The specific erectile tissue of the glans, which is far better identifiable in neonates, becomes a vague layer of fibroelastic tissue with sinusoidal blood vessels, numerous nerves, and Pacinian corpuscles (Fig. 11). There is a small and solid glandopreputial lamella. Most of the volume of the glans is provided by the tip of the fused corpora cavernosa. The epidermis is keratinized, but unlike the labia majora and minora, it is not hyperpigmented, and does not show skin appendages of any kind.
The body is composed of right and left corpora cavernosa surrounded by a sheet of dense collagen (the tunica), which also incompletely divides them (Fig. 12). The corpora cavernosa consist of erectile tissue with numerous, gaping, thin-walled sinusoidal vessels. The sinuses have endothelium but no smooth muscle in their walls. Between the sinusoids, however, there are bundles of smooth muscle, large nerves, and fibrous stroma. Pacinian corpuscles are seen associated with the nerves.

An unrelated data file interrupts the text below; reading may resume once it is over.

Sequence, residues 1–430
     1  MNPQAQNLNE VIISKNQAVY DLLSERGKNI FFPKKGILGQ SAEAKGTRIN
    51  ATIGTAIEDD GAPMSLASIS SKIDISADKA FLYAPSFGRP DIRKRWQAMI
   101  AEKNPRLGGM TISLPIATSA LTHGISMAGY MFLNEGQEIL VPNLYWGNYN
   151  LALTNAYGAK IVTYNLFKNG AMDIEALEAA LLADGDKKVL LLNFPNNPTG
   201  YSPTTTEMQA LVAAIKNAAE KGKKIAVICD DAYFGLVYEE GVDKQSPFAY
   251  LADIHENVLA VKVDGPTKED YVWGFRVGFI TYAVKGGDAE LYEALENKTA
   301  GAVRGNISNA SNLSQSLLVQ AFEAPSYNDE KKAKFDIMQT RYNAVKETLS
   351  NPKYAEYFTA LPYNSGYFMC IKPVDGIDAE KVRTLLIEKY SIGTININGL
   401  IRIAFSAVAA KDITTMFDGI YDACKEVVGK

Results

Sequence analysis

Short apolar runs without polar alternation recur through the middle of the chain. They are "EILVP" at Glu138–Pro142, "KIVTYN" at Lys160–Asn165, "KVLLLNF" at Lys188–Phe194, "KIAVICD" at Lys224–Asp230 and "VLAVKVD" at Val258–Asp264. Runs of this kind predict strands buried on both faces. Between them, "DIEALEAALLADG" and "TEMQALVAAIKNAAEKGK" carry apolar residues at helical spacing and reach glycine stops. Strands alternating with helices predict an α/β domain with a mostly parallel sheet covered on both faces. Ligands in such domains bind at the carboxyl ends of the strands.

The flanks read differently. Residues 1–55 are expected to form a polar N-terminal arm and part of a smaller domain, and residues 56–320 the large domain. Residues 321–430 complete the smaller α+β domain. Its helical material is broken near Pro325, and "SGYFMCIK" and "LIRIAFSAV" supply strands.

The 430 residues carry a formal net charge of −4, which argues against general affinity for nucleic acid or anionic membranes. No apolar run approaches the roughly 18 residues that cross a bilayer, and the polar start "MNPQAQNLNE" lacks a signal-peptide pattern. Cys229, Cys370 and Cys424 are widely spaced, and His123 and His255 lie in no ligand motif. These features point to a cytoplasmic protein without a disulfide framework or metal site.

The crura are composed of corpus cavernous (sinusoidal) tissue, which is surrounded by its tunica. The tunica is absent laterally where the crus attaches to bone. Pacinian corpuscles are seen, but unlike the body, large nerve and vascular trunks are not present.
The bulbs are composed of cavernous (sinusoidal and erectile) tissue, but the vascular spaces are larger and more gaping, and the trabeculae with conspicuous arteries thicker than in clitoral tissues (Fig. 13). They have only a thin capsule rather than a thick fibrous tunic, and do not become as erect as clitoris. Bulbar tissue merges with the adventitia of the vagina and gradually passes into rich vascular plexuses in the anterior wall of the vestibule. Large neurovascular bundles and pacinian corpuscles are not seen.
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